Q&A: Roseland schoolteacher aims to revitalize her neighborhood one book at a time

Iesha Malone (second to left) stands with seventh-grade students at her book club at Chicane Collegiate Middle School in Roseland. (Photo Courtesy of Iesha Malone/Rose Café)

By Elisa Xu
Medill Reports

Iesha Malone, a teacher at Chicane Collegiate Middle School in Roseland, decided to open her bookstore Rose Café to help fill the book desert in Roseland — the Far South Side neighborhood where she was born and raised.

She operates as an online bookseller, also hosting pop-up events in the neighborhood and passing out books on the street. Rose Café, opened in June 2020, doesn’t have a physical store yet, but Malone said she is in the process of seeking rezoning from the city for a piece of property for a future brick-and-mortar shop in Roseland. Since she said she feels the neighborhood lacks resources to support the majority Black population, she wants people in Roseland to have access to stories about Black success. Her goal is to help create more spaces and businesses for the community, by the community.

This conversation has been edited and condensed for clarity.

What is Rose Café’s origin story?

In 2020, George Floyd was murdered at the hands of the police (in Minneapolis), and it sparked a revolution nationwide. But more personally, it damaged my neighborhood, because my neighborhood responded with looting. When I asked, “Why are y’all doing this to the neighborhood that we need to get things from?” Everybody kept telling me, “It’s because none of this is ours.” I started thinking, “You know what, you’re right.” Not in a “you’re right, let me help you loot” way. But in a more solution-oriented mindset.

So, I’m like, “Maybe we should put (more) out here that is ours. Maybe that could possibly help us appreciate this community.” And it was during COVID, the schools were closed. Me and my son kept going to Printer’s Row to read or buy books. But you know, we live on the Far South Side in the Roseland community. I thought, why don’t we have a bookstore over here? So, I’m like, “I’m going to start a bookstore.”

I posted on Facebook, and then I got a call from Rebecca Silverman, who is now my co-founder. And she’s like, “So you’re starting a business, what are you doing?” I told her about it, and she got immediately excited about it. And I come to find out, her dad’s a lawyer. The next week, I had a LLC.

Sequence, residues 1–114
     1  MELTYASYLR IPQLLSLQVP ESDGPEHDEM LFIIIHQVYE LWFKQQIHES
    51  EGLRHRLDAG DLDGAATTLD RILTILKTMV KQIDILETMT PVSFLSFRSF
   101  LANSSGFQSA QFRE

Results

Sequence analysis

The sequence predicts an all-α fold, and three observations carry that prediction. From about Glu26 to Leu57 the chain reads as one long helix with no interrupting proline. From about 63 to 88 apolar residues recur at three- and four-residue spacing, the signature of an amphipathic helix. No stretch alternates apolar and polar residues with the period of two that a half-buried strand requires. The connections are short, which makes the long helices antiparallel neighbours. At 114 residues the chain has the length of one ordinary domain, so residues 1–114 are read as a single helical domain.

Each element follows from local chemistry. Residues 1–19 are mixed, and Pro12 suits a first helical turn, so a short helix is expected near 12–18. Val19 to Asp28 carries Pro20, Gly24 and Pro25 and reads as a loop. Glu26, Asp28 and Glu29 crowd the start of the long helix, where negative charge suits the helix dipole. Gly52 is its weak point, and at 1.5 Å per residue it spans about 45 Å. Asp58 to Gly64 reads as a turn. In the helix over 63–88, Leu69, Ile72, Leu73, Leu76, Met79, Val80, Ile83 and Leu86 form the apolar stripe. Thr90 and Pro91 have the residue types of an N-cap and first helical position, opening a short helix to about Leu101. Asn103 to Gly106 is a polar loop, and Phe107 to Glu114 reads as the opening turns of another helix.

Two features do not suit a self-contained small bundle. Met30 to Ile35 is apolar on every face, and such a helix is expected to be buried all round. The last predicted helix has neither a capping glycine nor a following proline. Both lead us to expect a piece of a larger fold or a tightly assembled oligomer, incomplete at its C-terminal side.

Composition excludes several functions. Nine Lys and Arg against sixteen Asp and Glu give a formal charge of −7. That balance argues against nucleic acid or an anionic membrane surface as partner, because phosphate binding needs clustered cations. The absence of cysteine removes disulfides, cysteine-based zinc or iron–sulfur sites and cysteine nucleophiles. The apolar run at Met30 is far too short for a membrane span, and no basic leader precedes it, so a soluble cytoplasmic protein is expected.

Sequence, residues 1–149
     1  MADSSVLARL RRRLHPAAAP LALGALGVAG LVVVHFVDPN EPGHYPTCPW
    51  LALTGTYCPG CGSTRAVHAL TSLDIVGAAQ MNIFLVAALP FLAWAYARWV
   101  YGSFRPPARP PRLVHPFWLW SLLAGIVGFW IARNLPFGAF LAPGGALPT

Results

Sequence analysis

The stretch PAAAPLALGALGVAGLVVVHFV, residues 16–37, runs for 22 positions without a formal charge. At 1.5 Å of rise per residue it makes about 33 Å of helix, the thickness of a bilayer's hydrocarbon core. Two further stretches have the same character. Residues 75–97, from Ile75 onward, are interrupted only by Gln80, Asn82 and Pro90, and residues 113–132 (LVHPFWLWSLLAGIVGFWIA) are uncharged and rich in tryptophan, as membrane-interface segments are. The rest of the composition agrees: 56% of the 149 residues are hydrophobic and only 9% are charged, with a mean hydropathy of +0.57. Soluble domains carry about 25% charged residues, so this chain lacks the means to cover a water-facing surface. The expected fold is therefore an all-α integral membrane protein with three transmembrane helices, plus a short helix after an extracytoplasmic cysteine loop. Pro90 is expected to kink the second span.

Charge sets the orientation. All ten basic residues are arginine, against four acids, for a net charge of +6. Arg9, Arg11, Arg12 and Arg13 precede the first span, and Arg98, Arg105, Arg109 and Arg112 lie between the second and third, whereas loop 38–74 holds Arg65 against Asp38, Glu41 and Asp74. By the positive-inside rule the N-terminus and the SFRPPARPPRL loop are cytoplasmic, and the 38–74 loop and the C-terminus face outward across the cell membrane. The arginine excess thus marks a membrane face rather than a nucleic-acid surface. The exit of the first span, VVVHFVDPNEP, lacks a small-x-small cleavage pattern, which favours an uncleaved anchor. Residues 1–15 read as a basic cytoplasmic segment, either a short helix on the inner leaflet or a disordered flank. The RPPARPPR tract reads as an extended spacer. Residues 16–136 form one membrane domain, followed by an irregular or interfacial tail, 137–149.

And what role has reading had in your life?

When I read, I get to become different characters. When I was reading as a child, I could always escape my life and become whoever I wanted to be. And I needed that growing up, because I’m from Roseland. It lacks so many resources. The school systems are horrible. Violence is everywhere. Drug addiction, prostitution, everything. It was named one of the worst communities on the South Side of Chicago. I never lived there, even though I lived there, if that makes sense. I was always somebody else, I was always somewhere else.

I read “To Kill a Mockingbird.” I read “Their Eyes Were Watching God.” Those are the stories that I needed to read so I could remain hopeful in our culture. I needed to do that, because other than that, I was always a decision away from being another statistic.

That’s really powerful. Is that what inspired you decided to start a bookstore in particular?

Yeah, because I feel like the community doesn’t know much outside of these four corners. They’re not reading stories about the Black struggle or Black success. When you’re trapped inside your house, with your mom who’s barely there, or your drug-dealing brother, or your abusive father, you can start thinking that’s it to life. And that’s never it to life.

But if we started reading, and we are drenched in literature that is inspiring and representational, we possibly start thinking more of ourselves, and we can possibly start communicating better.

On your Facebook page, it says you’re committed to bringing coffee, books and community back to the 60628 ZIP code. What does that mean to you?